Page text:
(Rebecca Smith) – I had already written another article for this week, but then some news broke over the weekend that every employer should be aware of: Unionism is on the rise. This rise, according to the statistics released by the Department of Labor in 2011, occurred after a drastic downward trend in union membership that started in 2008.
I caught a blurb of this on Fox News on Friday, January 27. After losing 1.4 million members from 2008 thru 2010, last year showed an increase. The news reported an increase of 50,000, which most people would brush aside as a small anomaly, but a deeper look at the data reveals the possibility of a trend, not an anomaly.
For example, that 50,000 gain in membership is slightly deceiving. Here is how the number was obtained.
In the private sector, there was an actual gain of 110,000 newly unionized units in 2011. This gain in the private sector was offset by layoffs in the public sector of 60,000 employees. States tightening their belts let go of whole segments of unionized employees. By subtracting the 60,000 from the 110,000 you get 50,000. It should be disturbing to any employer reading the article that the private sector saw in increase of 110,000 unionized employees. Disturbing because union increases in the private sector were at about the same rate of increase as the overall job growth.
Now most of the people reading this article likely feel a sense of security in the fact thatNevadais a right-to-work state, but let me strip away that security blanket with this surprising tidbit: The highest increase of successful organizing occurred in the State ofFlorida, another right-to-work state, which saw an increase of 68,000 in new union members. The largest group to unionize occurred within the age group of 18 to 24. Combine that with the NLRB’s push to shorten the election cycle (more about that is in next week’s article), and it leaves the employer with establishing not just an aggressive offense, but a prevent defense.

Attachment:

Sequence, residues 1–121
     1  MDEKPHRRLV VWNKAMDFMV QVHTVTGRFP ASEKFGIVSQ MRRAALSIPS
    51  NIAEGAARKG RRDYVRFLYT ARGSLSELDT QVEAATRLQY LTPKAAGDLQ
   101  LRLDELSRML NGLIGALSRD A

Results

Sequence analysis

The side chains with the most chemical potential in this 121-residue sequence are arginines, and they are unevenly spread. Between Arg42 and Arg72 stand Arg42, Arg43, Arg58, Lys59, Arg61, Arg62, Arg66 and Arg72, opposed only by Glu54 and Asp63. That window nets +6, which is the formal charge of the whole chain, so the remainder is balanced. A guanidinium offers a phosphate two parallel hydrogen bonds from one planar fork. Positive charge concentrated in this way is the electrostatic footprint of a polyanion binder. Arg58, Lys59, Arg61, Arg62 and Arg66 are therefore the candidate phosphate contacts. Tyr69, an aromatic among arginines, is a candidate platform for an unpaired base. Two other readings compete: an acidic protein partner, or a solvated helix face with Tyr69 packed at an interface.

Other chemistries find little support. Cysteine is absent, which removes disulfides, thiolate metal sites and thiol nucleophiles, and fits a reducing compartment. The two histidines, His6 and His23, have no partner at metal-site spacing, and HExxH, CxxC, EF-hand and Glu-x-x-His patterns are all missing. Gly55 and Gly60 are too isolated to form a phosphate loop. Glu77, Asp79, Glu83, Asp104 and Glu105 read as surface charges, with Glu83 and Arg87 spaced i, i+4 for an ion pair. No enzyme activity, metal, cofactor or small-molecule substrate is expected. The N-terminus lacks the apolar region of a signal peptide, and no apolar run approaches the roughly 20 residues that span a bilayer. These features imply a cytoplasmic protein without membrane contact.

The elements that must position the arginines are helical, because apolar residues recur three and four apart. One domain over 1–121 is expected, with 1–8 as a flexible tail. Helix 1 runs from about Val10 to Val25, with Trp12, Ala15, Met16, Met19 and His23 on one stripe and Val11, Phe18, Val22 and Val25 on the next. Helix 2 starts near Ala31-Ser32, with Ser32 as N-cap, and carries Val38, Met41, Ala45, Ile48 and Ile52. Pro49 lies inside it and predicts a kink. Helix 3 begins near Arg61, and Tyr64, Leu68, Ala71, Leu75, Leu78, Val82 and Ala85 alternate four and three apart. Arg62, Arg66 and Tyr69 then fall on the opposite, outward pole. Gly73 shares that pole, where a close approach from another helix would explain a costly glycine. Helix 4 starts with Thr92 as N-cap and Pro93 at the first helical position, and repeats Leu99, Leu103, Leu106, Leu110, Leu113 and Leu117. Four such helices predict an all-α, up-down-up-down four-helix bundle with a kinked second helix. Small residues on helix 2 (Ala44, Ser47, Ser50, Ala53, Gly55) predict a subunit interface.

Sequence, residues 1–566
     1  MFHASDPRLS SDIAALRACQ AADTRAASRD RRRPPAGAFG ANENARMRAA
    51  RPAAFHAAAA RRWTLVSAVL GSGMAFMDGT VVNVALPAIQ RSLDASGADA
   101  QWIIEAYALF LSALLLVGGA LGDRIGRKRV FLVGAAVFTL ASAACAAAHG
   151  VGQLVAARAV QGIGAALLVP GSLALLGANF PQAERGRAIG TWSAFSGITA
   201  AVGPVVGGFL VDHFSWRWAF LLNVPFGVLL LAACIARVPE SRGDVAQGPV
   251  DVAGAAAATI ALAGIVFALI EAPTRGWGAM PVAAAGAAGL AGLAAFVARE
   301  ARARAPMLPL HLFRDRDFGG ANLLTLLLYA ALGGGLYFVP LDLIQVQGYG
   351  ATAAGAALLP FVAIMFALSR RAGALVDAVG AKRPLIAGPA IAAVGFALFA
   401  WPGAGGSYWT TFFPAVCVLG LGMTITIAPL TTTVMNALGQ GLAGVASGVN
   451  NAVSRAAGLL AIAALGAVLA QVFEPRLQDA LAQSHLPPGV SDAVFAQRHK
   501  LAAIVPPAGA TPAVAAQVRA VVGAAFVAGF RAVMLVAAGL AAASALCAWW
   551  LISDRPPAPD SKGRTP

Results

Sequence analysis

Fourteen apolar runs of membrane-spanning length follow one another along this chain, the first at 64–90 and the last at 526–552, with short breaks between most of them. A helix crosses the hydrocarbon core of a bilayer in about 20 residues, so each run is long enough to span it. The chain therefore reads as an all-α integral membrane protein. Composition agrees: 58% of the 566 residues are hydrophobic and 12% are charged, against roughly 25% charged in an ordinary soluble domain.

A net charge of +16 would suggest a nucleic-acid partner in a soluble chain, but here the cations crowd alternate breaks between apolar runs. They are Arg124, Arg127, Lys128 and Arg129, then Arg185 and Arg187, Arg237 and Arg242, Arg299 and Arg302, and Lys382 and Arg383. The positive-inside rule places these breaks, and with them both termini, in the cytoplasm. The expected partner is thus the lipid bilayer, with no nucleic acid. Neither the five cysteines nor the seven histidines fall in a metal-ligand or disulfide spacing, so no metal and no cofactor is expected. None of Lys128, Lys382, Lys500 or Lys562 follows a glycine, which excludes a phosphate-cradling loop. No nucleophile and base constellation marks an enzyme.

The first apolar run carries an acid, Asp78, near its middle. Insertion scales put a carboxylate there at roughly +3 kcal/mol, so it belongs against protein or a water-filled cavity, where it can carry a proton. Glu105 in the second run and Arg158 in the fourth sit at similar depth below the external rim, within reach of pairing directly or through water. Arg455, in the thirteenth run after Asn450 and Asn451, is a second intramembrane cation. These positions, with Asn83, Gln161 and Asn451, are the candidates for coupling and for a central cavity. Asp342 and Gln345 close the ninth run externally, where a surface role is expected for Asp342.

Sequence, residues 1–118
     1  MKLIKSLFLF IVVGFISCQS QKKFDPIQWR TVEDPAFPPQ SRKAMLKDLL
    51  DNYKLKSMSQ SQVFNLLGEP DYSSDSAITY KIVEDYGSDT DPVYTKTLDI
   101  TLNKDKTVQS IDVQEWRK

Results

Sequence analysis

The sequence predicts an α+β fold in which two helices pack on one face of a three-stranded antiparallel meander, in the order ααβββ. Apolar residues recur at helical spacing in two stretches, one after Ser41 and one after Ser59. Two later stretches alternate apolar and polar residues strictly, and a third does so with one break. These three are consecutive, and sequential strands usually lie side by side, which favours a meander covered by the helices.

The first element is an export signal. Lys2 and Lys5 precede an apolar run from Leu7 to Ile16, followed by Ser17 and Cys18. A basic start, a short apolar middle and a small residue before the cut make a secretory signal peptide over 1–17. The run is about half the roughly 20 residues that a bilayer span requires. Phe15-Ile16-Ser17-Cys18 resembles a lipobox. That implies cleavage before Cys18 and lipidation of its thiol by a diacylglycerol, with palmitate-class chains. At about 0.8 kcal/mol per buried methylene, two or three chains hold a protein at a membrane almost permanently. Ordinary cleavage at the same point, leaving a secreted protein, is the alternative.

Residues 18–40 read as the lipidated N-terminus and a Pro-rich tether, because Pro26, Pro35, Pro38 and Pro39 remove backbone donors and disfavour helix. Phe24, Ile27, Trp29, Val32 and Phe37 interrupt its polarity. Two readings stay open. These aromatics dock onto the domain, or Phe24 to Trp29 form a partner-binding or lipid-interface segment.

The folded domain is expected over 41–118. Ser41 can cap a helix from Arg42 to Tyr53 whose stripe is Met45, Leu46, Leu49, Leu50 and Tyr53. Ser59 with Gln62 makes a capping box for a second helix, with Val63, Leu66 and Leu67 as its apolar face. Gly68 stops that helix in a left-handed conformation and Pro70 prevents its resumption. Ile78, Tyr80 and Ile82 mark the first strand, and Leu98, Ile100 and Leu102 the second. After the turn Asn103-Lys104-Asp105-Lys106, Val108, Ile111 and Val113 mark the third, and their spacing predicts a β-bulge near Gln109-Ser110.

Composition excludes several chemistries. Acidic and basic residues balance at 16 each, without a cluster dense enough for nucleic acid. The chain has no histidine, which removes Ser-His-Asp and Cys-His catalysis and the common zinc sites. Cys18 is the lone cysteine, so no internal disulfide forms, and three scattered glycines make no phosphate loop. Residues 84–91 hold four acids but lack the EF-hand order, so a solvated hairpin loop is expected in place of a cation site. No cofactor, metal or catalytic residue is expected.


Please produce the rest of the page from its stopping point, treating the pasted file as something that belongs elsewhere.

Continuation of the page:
Employers should be assessing their workplace with a vulnerability study and then following up with training for their supervisors and employees. There are many ways to do the aforementioned and employers should research different delivery methods and content to see what fits their workplace, but it should be done.
There is a reason “a ounce of prevention is worth a pound of cure,” is a cliché. It is based in fact.
(Rebecca Smith is a former Teamster who now owns Taltos Consulting, Inc. and is a lead consultant for the Labor Relations Institute. She volunteers with the Wounded Warrior Project and St Jude’s Children’s Hospital.)